Open Questions: Neutron Stars and Pulsars
See also: Supernovae --
- Categorized site directory. Entries usually include
Sites with general resources
Neutron Stars and Pulsars
- Part of NASA's
Imagine the Universe site. Contains basic information about
neutron stars and pulsars, computer animations, and links to
related topics. There is also a more
advanced level page on the topic.
Jodrell Bank Pulsar Group
- Home page of group involved with pulsar research. Site includes
tutorial information on pulsars, publications, and references
to useful resources.
The Italian Pulsar Group
- Home page of research group at the University of Cagliari
(Italy). Site includes information on the group and some
ATNF Pulsar Group
- Home page of research group at the
Australia Telescope National
Facility. Site includes information on the group, some
external links, general information on pulsar astronomy, and a
Web interface to a pulsar catalog.
Surveys, overviews, tutorials
- Article from
Introduction to neutron stars
- Very good introductory discussion of neutron stars by
M. Coleman Miller. Also includes remarks on gamma ray bursts.
Frequently Asked Questions About Pulsars
- Very good set of questions and answers, by
Supernovae, Neutron Stars & Pulsars
- Good explanations and external links, part of
Gene Smith's Astronomy Tutorial.
Binary and Millisecond Pulsars
- Fairly detailed technical article, by Duncan R. Lorimer.
'Magnetars', Soft Gamma Repeaters & Very Strong Magnetic Fields
- Very good article describing magnetars and other
types of supernova remnants with strong magnetic fields,
Robert Duncan. Includes a number of
- A ScienceWeek
"symposium" consisting of excerpts and summaries of
articles from various sources.
A Tutorial on Radio Pulsars
- Extensive notes from a series of lectures.
Making a Millisecond Pulsar
- January 2006 press with information on research into the
formation of millisecond pulsars.
Neutron stars, pulsars
- A page with overview information from the
Astronomy Unbound site.
Neutron Stars/X-ray Binaries
- Part of the
Chandra X-Ray Observatory Center site. Provides general
information on neutron stars.
- Brief, single-page overview.
Astronomy of the invisible
- September 2003 article from
Physics World, by
Giovanni F. Bignami. "Neutron stars might be the dimmest
objects in the universe but they are also cosmic laboratories
for extreme physics that are tailor-made for X-ray and gamma-ray
Strongest magnet in the cosmos
- January 2003 article from
Physics World, by
Silvia Zane and Roberto Turolla.
"Now an international team of astrophysicists studying the RXTE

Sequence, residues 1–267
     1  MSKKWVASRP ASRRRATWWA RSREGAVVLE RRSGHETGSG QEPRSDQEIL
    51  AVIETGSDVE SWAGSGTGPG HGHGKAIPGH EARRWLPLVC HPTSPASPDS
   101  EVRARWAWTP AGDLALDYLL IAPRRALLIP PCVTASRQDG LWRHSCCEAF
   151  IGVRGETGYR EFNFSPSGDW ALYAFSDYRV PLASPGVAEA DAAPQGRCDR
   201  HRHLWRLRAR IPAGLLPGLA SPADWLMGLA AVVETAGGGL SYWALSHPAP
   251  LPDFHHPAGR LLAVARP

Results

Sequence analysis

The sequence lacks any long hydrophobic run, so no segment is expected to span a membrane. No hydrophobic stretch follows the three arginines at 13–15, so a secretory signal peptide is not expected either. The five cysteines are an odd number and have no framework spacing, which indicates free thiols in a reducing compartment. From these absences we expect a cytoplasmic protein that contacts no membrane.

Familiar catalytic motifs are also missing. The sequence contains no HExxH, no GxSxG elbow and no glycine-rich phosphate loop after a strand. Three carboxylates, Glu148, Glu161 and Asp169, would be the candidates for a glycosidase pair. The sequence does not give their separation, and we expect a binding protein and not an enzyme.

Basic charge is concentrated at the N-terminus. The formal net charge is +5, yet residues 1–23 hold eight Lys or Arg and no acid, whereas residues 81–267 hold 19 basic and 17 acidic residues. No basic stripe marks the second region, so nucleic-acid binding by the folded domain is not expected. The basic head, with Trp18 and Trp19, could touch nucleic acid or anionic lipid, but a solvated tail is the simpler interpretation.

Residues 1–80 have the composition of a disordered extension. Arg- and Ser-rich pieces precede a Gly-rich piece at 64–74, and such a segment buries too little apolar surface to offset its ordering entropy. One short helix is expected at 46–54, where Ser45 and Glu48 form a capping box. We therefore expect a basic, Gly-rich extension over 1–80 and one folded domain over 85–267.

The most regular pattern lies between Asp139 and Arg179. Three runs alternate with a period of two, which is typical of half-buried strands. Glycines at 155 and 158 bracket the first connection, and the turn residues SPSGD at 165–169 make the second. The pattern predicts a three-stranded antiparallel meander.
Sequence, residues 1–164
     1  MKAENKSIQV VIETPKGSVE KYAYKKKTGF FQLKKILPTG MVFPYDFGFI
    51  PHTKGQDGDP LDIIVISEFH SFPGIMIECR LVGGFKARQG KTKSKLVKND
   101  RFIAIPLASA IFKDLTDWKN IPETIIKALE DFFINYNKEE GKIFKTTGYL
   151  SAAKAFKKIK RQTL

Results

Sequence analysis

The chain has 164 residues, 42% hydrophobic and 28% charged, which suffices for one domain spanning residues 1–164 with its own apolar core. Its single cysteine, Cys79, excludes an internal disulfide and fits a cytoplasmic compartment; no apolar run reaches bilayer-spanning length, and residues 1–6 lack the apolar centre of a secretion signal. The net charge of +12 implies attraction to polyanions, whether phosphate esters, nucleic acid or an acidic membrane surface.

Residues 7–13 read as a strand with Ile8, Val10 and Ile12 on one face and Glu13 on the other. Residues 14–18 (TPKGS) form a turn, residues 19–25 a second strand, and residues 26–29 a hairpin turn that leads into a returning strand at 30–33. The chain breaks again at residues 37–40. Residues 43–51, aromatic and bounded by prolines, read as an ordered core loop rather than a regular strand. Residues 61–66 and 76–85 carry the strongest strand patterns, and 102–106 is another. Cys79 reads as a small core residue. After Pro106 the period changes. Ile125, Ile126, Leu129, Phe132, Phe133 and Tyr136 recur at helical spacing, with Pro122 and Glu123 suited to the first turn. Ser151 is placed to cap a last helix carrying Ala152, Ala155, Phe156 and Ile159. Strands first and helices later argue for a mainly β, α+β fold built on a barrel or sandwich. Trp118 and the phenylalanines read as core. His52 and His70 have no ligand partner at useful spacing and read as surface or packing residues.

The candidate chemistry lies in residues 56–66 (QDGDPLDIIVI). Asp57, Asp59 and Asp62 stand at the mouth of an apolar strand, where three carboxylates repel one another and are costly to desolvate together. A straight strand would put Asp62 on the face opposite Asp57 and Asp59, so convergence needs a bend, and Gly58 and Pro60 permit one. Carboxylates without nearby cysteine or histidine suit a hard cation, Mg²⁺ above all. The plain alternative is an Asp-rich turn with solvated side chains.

data has found evidence for what is known as a magnetar -- the
most magnetic object in the universe."
Pulsars, glitches and superfluids
- January 1998 article from
Physics World, by
M. Ali Alpar. "Astronomers have long been intrigued by occasional
"glitches" in the rotation of pulsars."
Pulsar Bursts Coming From Beachball-Sized Structures
- March 12, 2003 press release on important new observations
of the Crab Nebula pulsar.
Nucleus sheds light on neutron stars
- June 2001 news article from
"A neutron star may be around 10 kilometres in diameter, but it
is governed by the same forces that arrange the neutrons in an
atomic nucleus just femtometres across. This means that studies
of neutron-rich nuclei could provide insights into their
The pulsar's powerhouse
- December 2000 news article from
"Astronomers believe that highly magnetic neutron stars - known
as magnetars - could be the driving force behind a
little-understood group of pulsars. 'Anomalous x-ray pulsars',
as they are known, earn their name because scientists are unsure
what fuels their potent x-ray emissions."
Wobbling pulsar discovered
- August 2000 news article from
"Astronomers at Jodrell Bank Observatory in the UK have
discovered a wobbling pulsar for the first time."
Slow period upsets pulsar theories
- August 1999 news article from
"Australian astronomers have discovered a radio pulsar with a
period so long that they might have to rethink theories of
how pulsars emit radiation."
Fast spinning pulsar
- January 1998 news article from
"Astronomers have discovered the fastest-spinning pulsar. The
star rotates at speeds previously thought impossible."
All in the Timing
- December 1996 Scientific American In Focus article
about NASA's Rossi X-ray Timing Explorer satellite used to
study neutron stars and pulsars, and especially the msyterious
Neutron Stars Contain Diamond Cores
- April 2001 news article from Scientific American.
New Pulsars Help Solve Mystery
- April 2001 news article from Scientific American,
about young pulsars as possible sources of high-energy gamma
Neutron stars twist Einstein's theory
- September 2000 news article from Science News, about
observations of neutron stars that provide evidence for
Lense-Thirring frame dragging predicted by the general theory
Chryssa Kouveliotou; Robert C. Duncan; Christopher Thompson
Scientific American, February 2003
- Let There Be Spin
Science News, July 13, 2002, pp. 24-25
- It has been a puzzle how very rapidly rotating neutron stars
acquire their angular momentum. The answer may be that the spin
results from the star's gradual consumption of mass from a
Copyright © 2002 by Charles Daney, All Rights Reserved